Thursday, 25 March 2010

Mercer Street

‘Surely,’ I think to myself, ‘If you walk down the same street enough times, the memory fades, supplanted by new experiences, new moments to treasure, memories that don’t tug at my heart and remind me of him.’ But it hasn’t happened yet. This morning I passed an old lady, stepping out of my path so she didn’t have to. She looked up at me from under her headscarf and smiled a smile that was no bribe to sweeten a lonely, unspoken request for conversation. Neither did her eyes contain surreptitious need, in fact she asked nothing, just acknowledged my courtesy and in the smile I returned, our eyes met and a simple connection briefly formed.

I continued walking and hoped, when I reached her age, that I, also, would have managed my needs and lived a life that left me free to meet the gaze of strangers benevolently.

I recall that smile, that train of thought, as I walk down the street later that day but at the end of it, there he is, his memory constant in a way our relationship never was. ‘Surely,’ I think to myself, ‘If I walk down this street enough times…’

Sunday, 14 March 2010


I see the same woman on the train every morning. Her hair is greying, cut in a style, I suspect, she has worn since the 1980's, a 'Lady Diana' it used to be called. She doesn't wear make-up. Her clothes are plain; navy or black jacket and a series of inoffensive, pastel-coloured tops. I can't see the bottom half of her as she sits in her train seat, but I expect her shoes are sensible and her skirts fall below the knee. She often wears a garish brooch - a bright gold and diamanté affair with a cat sitting in a crescent moon. It is kitsch, vulgar even.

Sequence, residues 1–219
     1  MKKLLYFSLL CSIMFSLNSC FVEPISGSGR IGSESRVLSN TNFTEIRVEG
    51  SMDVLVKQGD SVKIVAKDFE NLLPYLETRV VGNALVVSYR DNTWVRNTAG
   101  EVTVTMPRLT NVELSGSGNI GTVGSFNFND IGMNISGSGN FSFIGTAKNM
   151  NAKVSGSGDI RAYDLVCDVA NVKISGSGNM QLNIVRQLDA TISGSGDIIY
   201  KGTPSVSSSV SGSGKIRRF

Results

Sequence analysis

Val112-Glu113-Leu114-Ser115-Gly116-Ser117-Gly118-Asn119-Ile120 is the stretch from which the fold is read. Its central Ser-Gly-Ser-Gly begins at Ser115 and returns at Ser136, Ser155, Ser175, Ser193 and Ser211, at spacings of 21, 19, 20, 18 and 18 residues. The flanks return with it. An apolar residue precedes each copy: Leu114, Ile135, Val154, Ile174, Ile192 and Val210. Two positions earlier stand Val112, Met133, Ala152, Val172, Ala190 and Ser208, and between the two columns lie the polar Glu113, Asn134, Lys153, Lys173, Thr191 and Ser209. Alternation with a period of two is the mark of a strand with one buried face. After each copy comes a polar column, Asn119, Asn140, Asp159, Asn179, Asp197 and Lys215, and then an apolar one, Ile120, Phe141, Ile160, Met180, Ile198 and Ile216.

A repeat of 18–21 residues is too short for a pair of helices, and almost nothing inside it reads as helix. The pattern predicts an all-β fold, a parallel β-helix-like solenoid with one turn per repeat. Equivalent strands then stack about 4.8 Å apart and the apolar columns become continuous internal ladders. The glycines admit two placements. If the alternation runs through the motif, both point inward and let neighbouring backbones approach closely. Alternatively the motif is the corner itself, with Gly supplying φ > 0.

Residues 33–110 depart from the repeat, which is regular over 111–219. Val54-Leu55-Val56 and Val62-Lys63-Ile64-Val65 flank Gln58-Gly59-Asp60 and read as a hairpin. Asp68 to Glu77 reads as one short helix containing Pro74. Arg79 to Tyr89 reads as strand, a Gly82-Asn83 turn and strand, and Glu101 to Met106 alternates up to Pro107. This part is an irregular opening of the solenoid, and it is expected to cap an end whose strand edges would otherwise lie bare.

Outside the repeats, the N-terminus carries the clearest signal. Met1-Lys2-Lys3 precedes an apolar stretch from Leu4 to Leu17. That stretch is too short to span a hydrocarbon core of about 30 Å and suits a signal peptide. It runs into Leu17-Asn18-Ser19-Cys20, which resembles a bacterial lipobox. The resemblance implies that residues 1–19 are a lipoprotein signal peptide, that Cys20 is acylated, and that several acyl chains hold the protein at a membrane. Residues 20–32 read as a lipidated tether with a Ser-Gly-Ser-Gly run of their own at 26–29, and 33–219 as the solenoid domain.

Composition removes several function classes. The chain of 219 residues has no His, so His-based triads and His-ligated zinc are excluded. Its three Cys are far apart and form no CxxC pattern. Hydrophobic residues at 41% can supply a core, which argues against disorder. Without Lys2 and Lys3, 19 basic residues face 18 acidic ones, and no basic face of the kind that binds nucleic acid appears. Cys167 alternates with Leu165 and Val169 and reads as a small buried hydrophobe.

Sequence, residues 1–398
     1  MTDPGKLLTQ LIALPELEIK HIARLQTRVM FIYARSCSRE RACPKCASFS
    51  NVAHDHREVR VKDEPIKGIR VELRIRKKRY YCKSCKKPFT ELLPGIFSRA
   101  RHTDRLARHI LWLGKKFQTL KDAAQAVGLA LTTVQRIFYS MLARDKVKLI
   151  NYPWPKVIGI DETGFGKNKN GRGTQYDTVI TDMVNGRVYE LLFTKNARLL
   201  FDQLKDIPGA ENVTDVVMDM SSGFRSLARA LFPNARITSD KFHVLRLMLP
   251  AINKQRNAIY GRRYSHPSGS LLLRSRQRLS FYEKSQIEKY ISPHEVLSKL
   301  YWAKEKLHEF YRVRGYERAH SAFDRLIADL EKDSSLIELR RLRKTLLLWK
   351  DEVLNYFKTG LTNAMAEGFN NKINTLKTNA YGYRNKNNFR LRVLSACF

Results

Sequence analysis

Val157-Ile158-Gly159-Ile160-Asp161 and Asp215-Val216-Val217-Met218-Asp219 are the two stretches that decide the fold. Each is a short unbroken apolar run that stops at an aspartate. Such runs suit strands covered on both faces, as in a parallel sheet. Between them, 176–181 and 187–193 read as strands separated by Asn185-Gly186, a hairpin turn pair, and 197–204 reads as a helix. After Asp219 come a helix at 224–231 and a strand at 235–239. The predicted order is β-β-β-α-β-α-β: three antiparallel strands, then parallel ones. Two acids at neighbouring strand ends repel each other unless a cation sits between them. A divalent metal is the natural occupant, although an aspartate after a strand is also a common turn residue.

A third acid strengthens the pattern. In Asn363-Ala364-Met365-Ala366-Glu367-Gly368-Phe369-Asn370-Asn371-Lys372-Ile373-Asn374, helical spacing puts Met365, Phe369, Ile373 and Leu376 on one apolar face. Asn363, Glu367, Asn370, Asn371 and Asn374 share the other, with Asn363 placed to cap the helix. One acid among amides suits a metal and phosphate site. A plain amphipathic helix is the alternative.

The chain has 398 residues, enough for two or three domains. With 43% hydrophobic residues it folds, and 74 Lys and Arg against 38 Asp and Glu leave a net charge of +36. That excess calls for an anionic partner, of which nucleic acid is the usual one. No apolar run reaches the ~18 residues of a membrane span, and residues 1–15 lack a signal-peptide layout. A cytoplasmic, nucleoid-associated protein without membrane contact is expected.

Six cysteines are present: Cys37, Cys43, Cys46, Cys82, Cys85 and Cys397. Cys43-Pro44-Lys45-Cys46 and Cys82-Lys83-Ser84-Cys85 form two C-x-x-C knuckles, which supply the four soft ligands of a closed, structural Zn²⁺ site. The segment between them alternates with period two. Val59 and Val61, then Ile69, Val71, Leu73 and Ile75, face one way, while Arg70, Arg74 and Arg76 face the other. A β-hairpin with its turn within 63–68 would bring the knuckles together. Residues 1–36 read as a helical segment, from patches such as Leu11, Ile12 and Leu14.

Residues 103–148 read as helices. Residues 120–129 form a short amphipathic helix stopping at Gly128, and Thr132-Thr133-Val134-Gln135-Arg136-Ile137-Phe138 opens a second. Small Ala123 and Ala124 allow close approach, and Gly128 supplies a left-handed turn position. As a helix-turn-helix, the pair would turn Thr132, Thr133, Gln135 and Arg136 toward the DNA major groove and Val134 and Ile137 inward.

The woman's pale eyes are kind. Sometimes she reads a book. Other times, she listens to an old-fashioned CD Walkman and stares out of the window. But her handbag is always on her lap. The handbag is extraordinary; a black leather confection of shiny buckles and leather tassels almost entirely covered in metal studs. It looks so out of place on her lap, a beacon of dark, fetishistic style. I wonder if it was a present, or if she bought it herself, and if she did, what thought process, what desire led her to choose that bag. Is it her totem, is it her truth, is it her aspiration? Nothing in her impassive face offers any clue, but every morning, I wonder.


St. Martin's Lane is a one-way street. I'm walking in the same direction as the traffic, hurrying along the gutter, keen to get home. I feel the loud, heavy bass as much as hear it pumping from the stereo of a car behind me. The music is aggressive - overtly masculine, hip-hop - and I turn to look behind me, expecting a large black SUV with tinted windows and personalised number plates. Instead of the cliché, a small silver Smart car pulls into a parking space, a bespectacled white guy behind the wheel, and I laugh out loud at the disparity.